The African Union said Sunday it is ready to send peacekeeping troops to the restive eastern DR Congo, as leaders met at a biannual summit to discuss trouble spots and to vote for the bloc’s top job.
AU Commission chairman Jean Ping told African leaders at the opening of the two-day summit that the AU was “prepared to contribute to the establishment of a regional force to put an end to the activities of armed groups,” in DR Congo.
No further details about the potential force were given at the meeting, attended by both DR Congo President Joseph Kabila and Rwanda’s Paul Kagame, who rejects accusations by UN experts and Kinshasa he supports the mutiny by Congolese troops.
“The violence must end immediately, countries of the region ought to respect principle of non-interference,” said UN deputy secretary general Jan Eliasson.
The renewed violence in the mineral-rich eastern DR Congo is a key focus of the summit as well as conflict elsewhere on the continent, including instability in Mali, and the ongoing crisis between Sudan and South Sudan.
Ping described the crisis in Mali — where authorities are struggling to tackle Islamist militants who control the vast desert north — as “one of the most serious threats to security and stability of the continent”.
“The situation in the north of Mali… is alarming and is a threat to the region and beyond,” Eliasson added.
However, signs of improvement were seen in the dispute between Sudan and South Sudan, following fierce battles in April and March along their contested oil-rich border.
Sudanese President Omar al-Bashir and Salva Kiir of South Sudan shook hands warmly, following their first face-to-face talks on Saturday since the border fighting took them to the brink of all-out war.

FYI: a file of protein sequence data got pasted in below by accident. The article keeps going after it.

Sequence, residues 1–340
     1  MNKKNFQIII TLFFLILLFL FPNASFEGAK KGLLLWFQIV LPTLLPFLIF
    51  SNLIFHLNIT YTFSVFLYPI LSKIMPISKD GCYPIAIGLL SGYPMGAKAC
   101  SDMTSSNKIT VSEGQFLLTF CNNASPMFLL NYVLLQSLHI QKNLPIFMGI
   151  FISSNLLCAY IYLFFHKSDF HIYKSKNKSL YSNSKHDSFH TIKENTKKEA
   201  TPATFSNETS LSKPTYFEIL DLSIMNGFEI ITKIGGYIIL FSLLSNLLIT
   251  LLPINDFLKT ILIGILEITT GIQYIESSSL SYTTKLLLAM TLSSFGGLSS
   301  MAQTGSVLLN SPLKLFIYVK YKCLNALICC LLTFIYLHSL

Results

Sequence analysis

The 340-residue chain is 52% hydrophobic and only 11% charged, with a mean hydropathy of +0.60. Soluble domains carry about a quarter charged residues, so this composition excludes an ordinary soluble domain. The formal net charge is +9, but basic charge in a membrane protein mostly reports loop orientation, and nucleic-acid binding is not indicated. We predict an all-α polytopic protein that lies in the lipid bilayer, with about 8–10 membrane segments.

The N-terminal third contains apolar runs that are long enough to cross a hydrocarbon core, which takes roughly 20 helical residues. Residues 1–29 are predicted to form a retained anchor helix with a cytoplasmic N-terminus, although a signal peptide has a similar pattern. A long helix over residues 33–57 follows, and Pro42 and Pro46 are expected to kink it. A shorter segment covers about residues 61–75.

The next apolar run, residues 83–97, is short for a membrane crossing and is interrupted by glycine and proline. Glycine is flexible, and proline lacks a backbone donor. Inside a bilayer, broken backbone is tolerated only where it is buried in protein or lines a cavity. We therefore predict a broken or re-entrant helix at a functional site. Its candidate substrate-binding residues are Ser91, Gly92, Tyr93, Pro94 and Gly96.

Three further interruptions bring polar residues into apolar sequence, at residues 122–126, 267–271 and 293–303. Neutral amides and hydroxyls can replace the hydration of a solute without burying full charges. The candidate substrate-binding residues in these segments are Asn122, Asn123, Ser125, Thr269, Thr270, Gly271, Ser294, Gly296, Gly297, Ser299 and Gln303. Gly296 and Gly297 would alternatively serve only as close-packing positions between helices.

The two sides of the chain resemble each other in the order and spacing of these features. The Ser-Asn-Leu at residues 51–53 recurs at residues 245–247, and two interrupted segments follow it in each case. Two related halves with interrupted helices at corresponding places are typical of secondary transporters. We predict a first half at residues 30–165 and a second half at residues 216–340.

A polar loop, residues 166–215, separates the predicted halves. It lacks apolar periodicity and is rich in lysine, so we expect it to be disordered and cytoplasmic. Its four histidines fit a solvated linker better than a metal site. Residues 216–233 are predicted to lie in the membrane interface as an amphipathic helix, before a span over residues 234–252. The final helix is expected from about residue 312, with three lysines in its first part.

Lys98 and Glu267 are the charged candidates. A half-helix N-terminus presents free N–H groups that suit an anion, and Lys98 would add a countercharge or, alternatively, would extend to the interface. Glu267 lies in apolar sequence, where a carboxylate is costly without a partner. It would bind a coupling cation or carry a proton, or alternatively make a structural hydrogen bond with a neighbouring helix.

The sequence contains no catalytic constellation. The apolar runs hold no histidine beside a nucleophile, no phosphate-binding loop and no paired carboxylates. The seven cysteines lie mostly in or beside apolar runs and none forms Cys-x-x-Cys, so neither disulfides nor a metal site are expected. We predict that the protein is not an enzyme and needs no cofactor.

Ping noted “with satisfaction the end to the fighting and advances made recently” in talks between Juba and Khartoum, who have been holding months of slow-moving AU-led talks to resolve a raft of contentious issues.
“Their people desperately hope for security and prosperity, we have a common duty not to shatter their hopes,” Eliasson said.
For once, Ping noted positive changes in war-torn Somalia, praising the nations who had sent troops to battle the Al-Qaeda linked Shebab, including Burundi, Djibouti, Kenya and Uganda in the 17,000-strong AU force, as well as Ethiopia.
“The prospects for peace have never looked so encouraging,” said Ping.
However, the hotly contested AU leadership race is expected to dominate later proceedings.
South Africa’s Nkosazana Dlamini-Zuma is challenging Gabon’s Ping, the current commission chairman, after neither won the required two-thirds of the vote at the last summit six months ago, leaving Ping in the post.
Benin’s president and current AU chairman Thomas Boni Yayi warned that another failure to agree on a new head would damage the reputation of the 54-member body.
“The current situation cannot drag on without undermining the running of the African Union and tarnishing its image,” Yayi told the summit.
Newly-elected Egyptian President Mohamed Morsi called on countries to “work towards electing a chairman… on the basis of a consensus among all AU countries.”
Analysts say unwritten tradition is that continental powerhouses do not run for the post — leaving smaller nations to take the job — and that South Africa’s decision to override this rule has sparked bad feeling.
However, Dlamini-Zuma played down concerns the vote could divide the AU.
“I don’t think the continent will be polarised,” she said. “Whoever will be elected will make sure they work with everybody, irrespective of where and who they voted for.”
If no chair is selected at this summit, Ping — who has held the post since 2008 — could legally be asked to stay on as leader until the next summit in January 2013.